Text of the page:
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J Bacteriol. 2012 Apr;194(8):1875-84. doi: 10.1128/JB.00062-12. Epub 2012 Feb 10.

Role of a SpoVA protein in dipicolinic acid uptake into developing spores of Bacillus subtilis.

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Department of Molecular, Microbial and Structural Biology, University of Connecticut Health Center, Farmington, Connecticut, USA.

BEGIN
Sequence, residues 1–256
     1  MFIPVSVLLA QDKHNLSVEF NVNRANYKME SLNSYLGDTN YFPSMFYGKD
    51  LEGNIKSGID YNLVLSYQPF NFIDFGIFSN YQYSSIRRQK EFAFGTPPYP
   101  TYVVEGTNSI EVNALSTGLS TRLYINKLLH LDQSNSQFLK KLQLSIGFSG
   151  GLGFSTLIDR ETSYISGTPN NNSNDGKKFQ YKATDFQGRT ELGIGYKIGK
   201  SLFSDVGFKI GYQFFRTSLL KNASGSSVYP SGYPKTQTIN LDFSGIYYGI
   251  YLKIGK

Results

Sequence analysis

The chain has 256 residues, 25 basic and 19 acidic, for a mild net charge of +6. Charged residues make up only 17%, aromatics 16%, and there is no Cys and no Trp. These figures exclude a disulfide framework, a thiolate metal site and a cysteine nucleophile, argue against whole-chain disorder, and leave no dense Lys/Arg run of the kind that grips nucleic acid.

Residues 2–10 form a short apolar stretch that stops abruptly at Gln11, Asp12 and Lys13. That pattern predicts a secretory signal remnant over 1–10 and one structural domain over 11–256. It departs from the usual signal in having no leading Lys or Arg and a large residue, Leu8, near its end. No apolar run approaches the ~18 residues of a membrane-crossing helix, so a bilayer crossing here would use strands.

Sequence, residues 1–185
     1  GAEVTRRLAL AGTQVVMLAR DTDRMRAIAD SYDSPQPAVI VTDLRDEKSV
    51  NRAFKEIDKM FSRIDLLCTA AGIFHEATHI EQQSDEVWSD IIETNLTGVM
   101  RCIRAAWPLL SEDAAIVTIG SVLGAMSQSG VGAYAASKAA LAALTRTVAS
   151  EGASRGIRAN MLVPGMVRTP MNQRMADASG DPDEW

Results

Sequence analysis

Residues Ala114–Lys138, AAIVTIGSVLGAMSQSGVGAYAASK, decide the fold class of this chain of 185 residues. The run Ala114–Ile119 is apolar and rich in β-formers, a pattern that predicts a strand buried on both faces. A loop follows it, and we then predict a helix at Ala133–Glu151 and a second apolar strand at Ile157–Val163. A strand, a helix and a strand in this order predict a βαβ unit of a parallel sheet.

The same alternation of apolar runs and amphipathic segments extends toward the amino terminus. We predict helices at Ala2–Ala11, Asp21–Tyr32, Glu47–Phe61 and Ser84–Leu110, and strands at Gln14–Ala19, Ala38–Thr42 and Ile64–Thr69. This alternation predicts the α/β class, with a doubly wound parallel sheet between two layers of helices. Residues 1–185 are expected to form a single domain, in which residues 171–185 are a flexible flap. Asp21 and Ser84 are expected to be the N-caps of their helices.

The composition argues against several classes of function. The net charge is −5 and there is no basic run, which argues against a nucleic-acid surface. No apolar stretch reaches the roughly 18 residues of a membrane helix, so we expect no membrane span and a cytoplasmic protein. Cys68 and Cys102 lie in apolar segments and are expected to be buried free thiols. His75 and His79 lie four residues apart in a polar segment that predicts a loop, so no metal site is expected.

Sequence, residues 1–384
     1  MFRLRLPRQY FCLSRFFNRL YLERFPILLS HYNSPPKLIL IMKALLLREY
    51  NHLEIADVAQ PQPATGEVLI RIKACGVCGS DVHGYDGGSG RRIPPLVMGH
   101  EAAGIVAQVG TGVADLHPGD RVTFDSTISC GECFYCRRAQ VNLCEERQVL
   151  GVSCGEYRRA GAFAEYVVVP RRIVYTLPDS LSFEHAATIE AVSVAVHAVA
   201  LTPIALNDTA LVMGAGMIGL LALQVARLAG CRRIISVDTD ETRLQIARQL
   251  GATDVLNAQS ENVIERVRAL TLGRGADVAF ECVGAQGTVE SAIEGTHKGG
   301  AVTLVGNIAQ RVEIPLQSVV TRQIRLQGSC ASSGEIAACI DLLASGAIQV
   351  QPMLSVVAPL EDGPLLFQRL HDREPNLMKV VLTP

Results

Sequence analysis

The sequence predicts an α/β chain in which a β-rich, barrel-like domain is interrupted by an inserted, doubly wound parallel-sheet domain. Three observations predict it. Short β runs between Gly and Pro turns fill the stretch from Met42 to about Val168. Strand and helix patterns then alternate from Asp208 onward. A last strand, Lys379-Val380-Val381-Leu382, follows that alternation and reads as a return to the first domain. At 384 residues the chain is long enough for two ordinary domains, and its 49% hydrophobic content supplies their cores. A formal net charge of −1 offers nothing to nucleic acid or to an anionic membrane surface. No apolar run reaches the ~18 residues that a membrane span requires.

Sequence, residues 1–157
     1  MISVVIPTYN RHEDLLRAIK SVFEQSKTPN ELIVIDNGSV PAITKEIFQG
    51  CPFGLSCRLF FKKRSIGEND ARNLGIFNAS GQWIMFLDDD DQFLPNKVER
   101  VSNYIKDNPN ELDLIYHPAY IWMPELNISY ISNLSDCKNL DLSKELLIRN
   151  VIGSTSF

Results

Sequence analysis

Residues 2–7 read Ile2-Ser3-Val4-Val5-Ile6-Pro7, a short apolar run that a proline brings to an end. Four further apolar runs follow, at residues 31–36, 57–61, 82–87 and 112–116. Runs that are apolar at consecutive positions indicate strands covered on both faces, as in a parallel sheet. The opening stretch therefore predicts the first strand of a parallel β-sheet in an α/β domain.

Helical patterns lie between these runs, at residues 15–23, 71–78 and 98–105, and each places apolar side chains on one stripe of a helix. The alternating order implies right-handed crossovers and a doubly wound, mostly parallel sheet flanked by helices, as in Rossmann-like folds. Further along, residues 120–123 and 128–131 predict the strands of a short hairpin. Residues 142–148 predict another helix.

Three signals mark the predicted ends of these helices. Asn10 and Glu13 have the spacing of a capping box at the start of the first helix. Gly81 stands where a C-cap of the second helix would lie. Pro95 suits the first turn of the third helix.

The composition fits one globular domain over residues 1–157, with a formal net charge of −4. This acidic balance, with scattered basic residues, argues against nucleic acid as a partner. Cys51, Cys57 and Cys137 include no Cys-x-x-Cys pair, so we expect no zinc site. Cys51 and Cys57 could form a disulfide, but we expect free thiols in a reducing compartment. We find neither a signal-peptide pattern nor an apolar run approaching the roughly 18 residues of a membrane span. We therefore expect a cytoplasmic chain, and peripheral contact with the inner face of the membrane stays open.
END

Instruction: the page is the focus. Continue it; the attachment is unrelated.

The proteins encoded by the spoVA operon, including SpoVAD, are essential for the uptake of the 1:1 chelate of pyridine-2,6-dicarboxylic acid (DPA(2,6)) and Ca(2+) into developing spores of the bacterium Bacillus subtilis. The crystal structure of B. subtilis SpoVAD has been determined recently, and a structural homology search revealed that SpoVAD shares significant structural similarity but not sequence homology to a group of enzymes that bind to and/or act on small aromatic molecules. We find that molecular docking placed DPA(2,6) exclusively in a highly conserved potential substrate-binding pocket in SpoVAD that is similar to that in the structurally homologous enzymes. We further demonstrate that SpoVAD binds both DPA(2,6) and Ca(2+)-DPA(2,6) with a similar affinity, while exhibiting markedly weaker binding to other DPA isomers. Importantly, mutations of conserved amino acid residues in the putative DPA(2,6)-binding pocket in SpoVAD essentially abolish its DPA(2,6)-binding capacity. Moreover, replacement of the wild-type spoVAD gene in B. subtilis with any of these spoVAD gene variants effectively eliminated DPA(2,6) uptake into developing spores in sporulation, although the variant proteins were still located in the spore inner membrane. Our results provide direct evidence that SpoVA proteins, in particular SpoVAD, are directly involved in DPA(2,6) movement into developing B. subtilis spores.

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